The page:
“In the modern organisation, end-users are dictating IT priorities by bringing technology to the enterprise, rather than the other way around,” says Robert Ayoub, global program director, network security, at analyst Frost & Sullivan. “This is creating a new challenge of balancing openness with security, where the ultimate responsibility for the security of an organisation falls on the shoulders of end-users – because they can more easily than ever put all the systems and data of the organisation at risk.” He adds that mobile devices could pose the single most dangerous security threat to organisations in the years to come.
Laptops, to a certain extent, are a known quantity and organisations will have developed ways to secure them. Most companies will have corporate laptops that have been given a standard build and locked down to prevent new software from being installed. They will have the standard anti-malware tools installed to prevent infections as much as possible. For securely connecting to the corporate network, meanwhile, there will be a VPN. Support may be more difficult to deploy, but remote desktop and patch management tools can help.
Things get harder when people want to use their personal laptops, which could have anything installed on them or run an operating system, such as Linux, that the organisation does not support. Smart-phones and tablets take these concerns to new levels, with unfamiliar operating systems that have few of the standard tools and capabilities familiar to IT staff.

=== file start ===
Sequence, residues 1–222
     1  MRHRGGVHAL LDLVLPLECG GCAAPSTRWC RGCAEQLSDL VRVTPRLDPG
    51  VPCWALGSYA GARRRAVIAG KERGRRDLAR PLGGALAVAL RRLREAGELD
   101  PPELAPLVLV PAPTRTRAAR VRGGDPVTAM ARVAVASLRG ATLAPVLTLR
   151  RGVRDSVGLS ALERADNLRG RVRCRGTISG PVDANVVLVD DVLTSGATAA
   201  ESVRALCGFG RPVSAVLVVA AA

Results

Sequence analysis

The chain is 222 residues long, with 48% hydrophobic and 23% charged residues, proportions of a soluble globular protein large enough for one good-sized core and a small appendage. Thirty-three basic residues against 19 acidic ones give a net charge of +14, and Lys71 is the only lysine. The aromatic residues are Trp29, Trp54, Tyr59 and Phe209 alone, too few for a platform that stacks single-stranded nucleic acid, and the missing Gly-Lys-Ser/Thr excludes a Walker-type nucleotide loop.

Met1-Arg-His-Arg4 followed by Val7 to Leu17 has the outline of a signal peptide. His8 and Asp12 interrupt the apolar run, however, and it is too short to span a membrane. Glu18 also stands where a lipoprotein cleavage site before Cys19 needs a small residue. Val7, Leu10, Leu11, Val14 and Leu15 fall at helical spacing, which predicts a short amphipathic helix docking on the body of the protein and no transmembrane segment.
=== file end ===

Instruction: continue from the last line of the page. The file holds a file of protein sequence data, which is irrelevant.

The best policy
So what, then, is the best response to consumerisation? The first step, as always, is policy. “Most organisations have security policies, but not for mobile devices,” says Yates. “It's best to start from a risk-analysis perspective and focus on the data.”
Since data loss is the main concern with mobile devices, any prevention programmes will already have done much of the hard work in establishing what can and cannot be stored on employees' personal kit. If no such programme has already been implemented, then an inventory should be taken of the organisation's data, establishing where it resides, its importance and the likely impact if it is lost or stolen. Decisions can then be taken about which resources employees can access when using their own devices or working remotely.